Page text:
2016 Japanese Olympic Trials Day 6 Prelims Live Recap



  • Japanese National Record – 21.88, Shinri Shioura (2014)
  • JPN OLY Standard – 21.87

The 4th place finisher in the men’s 100m freestyle rose to the occasion during prelims of the splash n’ dash this morning, as 28-year-old Junya Koga clinched the top seed in 22.53. That’s the quickest the Club Wolverine Elite-trained athlete has been this season, as prior to this meet his recent best was the 22.68 he clocked at the Arena Pro Swim Series in Austin this past January.

But, Shinri Shioura is out to defend his 50m freestyle national title, touching just .03 of a second behind Koga in 22.56 for the 2nd seed. At the Perth Aquatic Super Series earlier this year, Shioura earned a mark of 22.15, which is positioned as the 17th fastest in the world. Friendly reminder that Shioura is the National Record Holder in the event in 21.88, so he’ll be looking to replicate that kind of performance to earn an Olympic berth.

On-fire Katsumi Nakamura, who already nabbed the 100m freestyle victory at this meet in a new Japanese National Record, is comfortably positioned as the 4th seed in 22.78.

Of note, this is one of the few events where the Japanese Olympic standard is set quicker than the national record.

Top 8:

  1. Koga, 22.53
  2. Shioura, 22.56
  3. Kobase, 22.70
  4. Nakamura, 22.78
  5. Nanba, 22.82
  6. Ito, 22.86
  7. Matsui, 22.90
  8. Nakao, 22.96


  • Japanese National Record – 24.74, Rikako Ikee (2016)
  • JPN OLY Standard – 24.59

As of prelims, no one dropped beneath the 25-second threshold, as Syoko Tanabe nabbed the top seed in a time of 25.68. That mark is already a vast improvement over Tanabe’s 8th place finish of 2015 where the then 21-year-old didn’t crack 26 seconds (26.02).

The next two seeds belong to the 100m freestyle silver and gold medalists, however, so Tanabe has highly-talented company at the top. 15-year-old Rikako Ikee, who claimed the 100m freestyle runner-up position, clocked an opening 25.76, while the 100m freestyle winner, Miki Uchida, touched in 25.91 this morning. Uchida won this event last year in 25.01 and already clocked the longer sprint’s national record yesterday, so she has to be riding on that momentum into this 50 race.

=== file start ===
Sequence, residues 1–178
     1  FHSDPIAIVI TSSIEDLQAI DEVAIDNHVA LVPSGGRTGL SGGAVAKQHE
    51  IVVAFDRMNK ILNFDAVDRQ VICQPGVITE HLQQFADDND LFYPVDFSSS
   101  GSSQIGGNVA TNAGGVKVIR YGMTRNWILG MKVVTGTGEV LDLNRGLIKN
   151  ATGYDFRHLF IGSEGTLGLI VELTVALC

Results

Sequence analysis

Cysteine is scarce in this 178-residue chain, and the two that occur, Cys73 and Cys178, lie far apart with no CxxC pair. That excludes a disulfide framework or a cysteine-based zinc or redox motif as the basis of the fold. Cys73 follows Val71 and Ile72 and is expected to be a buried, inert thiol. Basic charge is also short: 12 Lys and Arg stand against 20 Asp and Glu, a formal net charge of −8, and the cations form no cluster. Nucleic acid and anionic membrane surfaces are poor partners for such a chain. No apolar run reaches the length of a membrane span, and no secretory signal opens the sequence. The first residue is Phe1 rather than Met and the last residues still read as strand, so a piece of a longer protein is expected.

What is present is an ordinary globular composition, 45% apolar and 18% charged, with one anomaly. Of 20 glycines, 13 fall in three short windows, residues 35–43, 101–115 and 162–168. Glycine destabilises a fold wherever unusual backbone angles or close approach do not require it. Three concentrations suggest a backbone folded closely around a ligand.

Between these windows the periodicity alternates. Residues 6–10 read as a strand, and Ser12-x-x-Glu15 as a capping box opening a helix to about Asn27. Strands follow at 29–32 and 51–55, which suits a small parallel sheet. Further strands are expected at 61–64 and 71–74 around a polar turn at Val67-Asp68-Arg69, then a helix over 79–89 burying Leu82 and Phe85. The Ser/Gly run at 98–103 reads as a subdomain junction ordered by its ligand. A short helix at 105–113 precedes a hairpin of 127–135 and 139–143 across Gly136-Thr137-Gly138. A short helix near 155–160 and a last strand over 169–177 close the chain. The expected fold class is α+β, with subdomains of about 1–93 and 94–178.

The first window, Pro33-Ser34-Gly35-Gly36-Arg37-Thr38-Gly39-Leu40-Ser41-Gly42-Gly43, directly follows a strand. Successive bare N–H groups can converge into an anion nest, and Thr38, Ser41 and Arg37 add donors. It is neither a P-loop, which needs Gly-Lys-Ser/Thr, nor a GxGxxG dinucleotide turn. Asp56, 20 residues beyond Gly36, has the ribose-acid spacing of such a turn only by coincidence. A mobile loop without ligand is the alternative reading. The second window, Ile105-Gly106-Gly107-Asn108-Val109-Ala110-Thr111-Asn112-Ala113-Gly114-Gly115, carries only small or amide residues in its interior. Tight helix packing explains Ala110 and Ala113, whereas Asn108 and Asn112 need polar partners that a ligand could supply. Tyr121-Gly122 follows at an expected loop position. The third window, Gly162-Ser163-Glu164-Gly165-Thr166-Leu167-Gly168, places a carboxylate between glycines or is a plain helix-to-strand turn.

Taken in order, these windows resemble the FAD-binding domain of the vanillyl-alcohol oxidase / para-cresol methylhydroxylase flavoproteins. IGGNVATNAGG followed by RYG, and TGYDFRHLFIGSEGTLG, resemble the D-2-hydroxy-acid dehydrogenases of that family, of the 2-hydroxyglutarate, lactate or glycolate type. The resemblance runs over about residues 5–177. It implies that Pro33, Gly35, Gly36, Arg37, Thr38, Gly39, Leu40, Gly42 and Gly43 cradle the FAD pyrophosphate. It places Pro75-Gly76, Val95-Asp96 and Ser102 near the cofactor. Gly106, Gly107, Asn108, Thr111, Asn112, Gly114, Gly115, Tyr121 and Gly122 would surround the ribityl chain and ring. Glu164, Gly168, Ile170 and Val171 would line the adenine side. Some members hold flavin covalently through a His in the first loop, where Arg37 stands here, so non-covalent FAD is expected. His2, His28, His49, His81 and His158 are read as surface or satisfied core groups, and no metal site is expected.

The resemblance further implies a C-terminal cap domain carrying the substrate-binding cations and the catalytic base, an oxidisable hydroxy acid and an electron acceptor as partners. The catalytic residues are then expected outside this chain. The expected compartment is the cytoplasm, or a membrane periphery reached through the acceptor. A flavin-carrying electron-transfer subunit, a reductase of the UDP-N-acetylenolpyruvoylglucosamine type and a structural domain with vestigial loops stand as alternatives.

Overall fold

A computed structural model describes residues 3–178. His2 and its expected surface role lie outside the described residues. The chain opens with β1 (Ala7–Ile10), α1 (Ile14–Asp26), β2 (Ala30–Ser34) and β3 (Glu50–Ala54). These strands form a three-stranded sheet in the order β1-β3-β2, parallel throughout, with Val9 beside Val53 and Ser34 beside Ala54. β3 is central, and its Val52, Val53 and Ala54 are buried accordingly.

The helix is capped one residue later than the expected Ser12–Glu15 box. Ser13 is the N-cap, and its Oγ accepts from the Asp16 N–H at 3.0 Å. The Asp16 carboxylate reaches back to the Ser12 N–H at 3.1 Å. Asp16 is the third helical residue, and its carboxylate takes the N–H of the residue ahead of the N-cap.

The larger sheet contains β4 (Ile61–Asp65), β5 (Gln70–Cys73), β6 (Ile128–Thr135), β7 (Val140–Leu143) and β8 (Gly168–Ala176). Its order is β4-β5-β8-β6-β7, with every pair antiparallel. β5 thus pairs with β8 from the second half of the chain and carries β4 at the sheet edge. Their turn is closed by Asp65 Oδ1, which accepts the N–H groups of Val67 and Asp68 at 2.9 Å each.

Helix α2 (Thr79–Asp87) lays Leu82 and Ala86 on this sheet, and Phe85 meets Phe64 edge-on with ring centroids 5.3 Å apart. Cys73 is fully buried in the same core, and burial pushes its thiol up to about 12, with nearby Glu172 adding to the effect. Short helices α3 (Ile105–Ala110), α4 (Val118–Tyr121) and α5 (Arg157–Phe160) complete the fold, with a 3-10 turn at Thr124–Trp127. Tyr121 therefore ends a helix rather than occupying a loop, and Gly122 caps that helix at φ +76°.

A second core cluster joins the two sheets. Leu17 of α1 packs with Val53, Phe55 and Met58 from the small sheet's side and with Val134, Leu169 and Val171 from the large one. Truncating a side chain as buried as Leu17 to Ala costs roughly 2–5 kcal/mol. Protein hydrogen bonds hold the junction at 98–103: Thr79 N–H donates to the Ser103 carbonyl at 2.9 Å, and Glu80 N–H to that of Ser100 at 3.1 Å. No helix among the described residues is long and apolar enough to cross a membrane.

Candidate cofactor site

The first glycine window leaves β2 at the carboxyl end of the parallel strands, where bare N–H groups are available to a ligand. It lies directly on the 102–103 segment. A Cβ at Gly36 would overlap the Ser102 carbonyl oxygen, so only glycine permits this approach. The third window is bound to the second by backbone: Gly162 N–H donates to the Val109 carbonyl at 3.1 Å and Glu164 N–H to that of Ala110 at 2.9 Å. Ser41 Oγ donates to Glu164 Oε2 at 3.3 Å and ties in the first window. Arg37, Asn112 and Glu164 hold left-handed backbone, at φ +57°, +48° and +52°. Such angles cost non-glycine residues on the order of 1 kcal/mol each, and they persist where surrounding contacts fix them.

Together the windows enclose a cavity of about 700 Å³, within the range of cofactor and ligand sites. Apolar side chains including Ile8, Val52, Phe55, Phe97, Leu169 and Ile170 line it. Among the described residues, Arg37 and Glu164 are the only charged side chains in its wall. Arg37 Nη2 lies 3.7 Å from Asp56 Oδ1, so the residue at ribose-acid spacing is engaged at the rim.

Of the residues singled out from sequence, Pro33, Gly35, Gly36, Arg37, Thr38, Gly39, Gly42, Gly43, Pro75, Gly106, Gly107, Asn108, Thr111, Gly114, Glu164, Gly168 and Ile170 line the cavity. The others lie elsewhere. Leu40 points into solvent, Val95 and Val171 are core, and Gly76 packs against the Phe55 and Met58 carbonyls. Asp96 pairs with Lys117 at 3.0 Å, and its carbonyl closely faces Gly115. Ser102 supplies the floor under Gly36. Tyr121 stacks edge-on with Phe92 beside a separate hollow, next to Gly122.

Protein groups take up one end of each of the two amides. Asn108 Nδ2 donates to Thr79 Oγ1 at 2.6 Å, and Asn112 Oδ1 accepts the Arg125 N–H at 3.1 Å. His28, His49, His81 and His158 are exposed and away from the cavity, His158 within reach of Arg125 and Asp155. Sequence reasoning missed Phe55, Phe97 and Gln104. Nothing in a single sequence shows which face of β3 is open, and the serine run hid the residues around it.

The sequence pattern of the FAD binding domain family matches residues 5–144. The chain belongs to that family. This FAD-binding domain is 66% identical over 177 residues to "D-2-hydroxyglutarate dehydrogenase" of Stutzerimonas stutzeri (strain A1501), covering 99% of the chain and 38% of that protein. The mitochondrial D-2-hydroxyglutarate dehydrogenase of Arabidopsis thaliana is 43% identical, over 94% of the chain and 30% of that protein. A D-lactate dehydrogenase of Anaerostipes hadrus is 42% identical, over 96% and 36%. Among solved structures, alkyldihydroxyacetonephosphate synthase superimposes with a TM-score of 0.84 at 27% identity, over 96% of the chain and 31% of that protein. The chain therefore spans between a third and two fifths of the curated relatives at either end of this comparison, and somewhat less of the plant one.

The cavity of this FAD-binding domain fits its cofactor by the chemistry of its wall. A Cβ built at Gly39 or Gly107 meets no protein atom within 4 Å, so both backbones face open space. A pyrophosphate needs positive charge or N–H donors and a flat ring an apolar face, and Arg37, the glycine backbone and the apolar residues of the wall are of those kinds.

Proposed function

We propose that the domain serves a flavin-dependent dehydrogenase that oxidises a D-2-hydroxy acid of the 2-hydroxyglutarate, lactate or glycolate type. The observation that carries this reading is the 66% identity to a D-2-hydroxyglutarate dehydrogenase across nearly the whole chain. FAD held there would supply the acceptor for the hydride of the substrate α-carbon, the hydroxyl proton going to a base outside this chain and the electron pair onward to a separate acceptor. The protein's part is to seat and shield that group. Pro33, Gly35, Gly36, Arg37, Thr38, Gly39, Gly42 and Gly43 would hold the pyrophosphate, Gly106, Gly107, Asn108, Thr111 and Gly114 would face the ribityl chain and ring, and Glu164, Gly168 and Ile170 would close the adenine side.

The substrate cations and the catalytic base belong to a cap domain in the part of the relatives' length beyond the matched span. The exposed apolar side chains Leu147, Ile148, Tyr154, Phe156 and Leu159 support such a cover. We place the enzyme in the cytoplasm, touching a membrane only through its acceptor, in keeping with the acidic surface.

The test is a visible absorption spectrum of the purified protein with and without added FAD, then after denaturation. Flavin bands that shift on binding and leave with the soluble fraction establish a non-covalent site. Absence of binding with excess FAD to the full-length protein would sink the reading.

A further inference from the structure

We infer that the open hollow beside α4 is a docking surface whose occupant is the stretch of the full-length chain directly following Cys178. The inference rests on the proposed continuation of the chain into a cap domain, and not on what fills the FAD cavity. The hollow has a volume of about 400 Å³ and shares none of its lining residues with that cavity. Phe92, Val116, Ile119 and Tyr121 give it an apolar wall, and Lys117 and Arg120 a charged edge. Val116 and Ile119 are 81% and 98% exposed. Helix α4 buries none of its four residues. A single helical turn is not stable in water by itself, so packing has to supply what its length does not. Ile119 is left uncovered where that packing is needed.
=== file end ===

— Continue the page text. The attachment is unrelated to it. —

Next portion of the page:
But, both Ikee and Uchida have clocked sub-25-second outings this season, proving they’re capable of coming close to the highly ambitious Japanese Olympic standard of 24.59. Uchida’s best time is the 24.95 she rocked at the World Cup in Tokyo, while Ikee clocked the new national record of 24.74 while competing at the Konami Open this past February.

Top 8:

  1. Tanabe, 25.68
  2. Ikee, 25.76
  3. Uchida, 25.91
  4. Okano, 25.98
  5. Satou, 25.99
  6. Amano, 26.02,
  7. Ouchi, 26.04
  8. Yamaguchi, 26.10


  • Japanese National Record – 51.00, Kohei Kawamoto (2009)
  • JPN OLY Standard – 51.64

With only 2 Japanese men situated within the world’s top 25, the men’s 100m butterfly is one of the weaker events for this contingency. As such, it’s a tightly-packed field out of prelims, with just over half a second separating the entire top 8.

At 30 years of age, Takurou Fujii leads the pack with his time of 52.49, followed by Takaya Yasue in 52.81.  The two men who appear in the world rankings also made it to the semi-finals, as Masayuki Umemoto earned the 4th seed and Takeshi Kawamoto sneaked into the 8th spot after prelims. The two men hold the 24th and 20th fastest times in the world, with Umemoto having clocked a 52.51 and Kawamoto owns a season-best of 52.44.

Top 8:

  1. Fujii, 52.49
  2. Yasue, 52.81
  3. K. Kawamoto, 52.82
  4. Umemoto, 52.84
  5. Hamaya, 52.85
  6. Kishida, 52.97
  7. Sakai, 53.10
  8. T. Kawamoto, 53.19


  • Japanese National Record – 2:07.13, Reiko Nakamura (2008)
  • JPN OLY Standard – 2:08.76

As with the 100m backstroke, whereby no finalist clocked a sub-minute mark, we very well may not see a swimmer dip beneath the 2:10 barrier through the finals of the 200m version.  Entering the meet, the top 3 Japanese swimmers in this event comprise the final 3 slots of the world’s top 25 rankings, with Yuriko Saito (2:10.16) sitting in 23rd, Natsumi Sakai (2:10.20) as 24th and Megumi Kamimura (2:10.31) in 25th, so we’ve yet to see a 2:09 swimmer from Japan so far this season.

Yuka Kawayoke did her part to reap the number one seed this morning in a time of 2:10.97, followed by 20-year-old Mayuko Gotou whose result jumped into the 2:11-zone in 2:11.23. The remaining women clocked times between 2:11.46 and 2:12.74, so they’ll need to make some major moves in the next round if anyone wants to come close to the Japanese Rio-qualifying time of 2:08.76.

Top 8:

  1. Kawayoke, 2:10.97
  2. Gotou, 2:11.23
  3. Takahashi, 2:11.46
  4. Sakai, 2:11.72
  5. Kamimura, 2:12.37
  6. Teramoto, 2:12.47
  7. Konishi, 2:12.73
  8. Yuhara, 2:12.74


  • Japanese National Record – 14:54.80, Kohei Yamamoto (2014)
  • JPN OLY Standard – 14:55.30

*Men’s 1500 Freestyle prelim results will be included in the Day 6 Finals Recap

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About Retta Race

Retta Race

Former Masters swimmer and coach Loretta (Retta) thrives on a non-stop but productive schedule. Nowadays, that includes having just earned her MBA while working full-time in IT while owning French 75 Boutique while also providing swimming insight for BBC.

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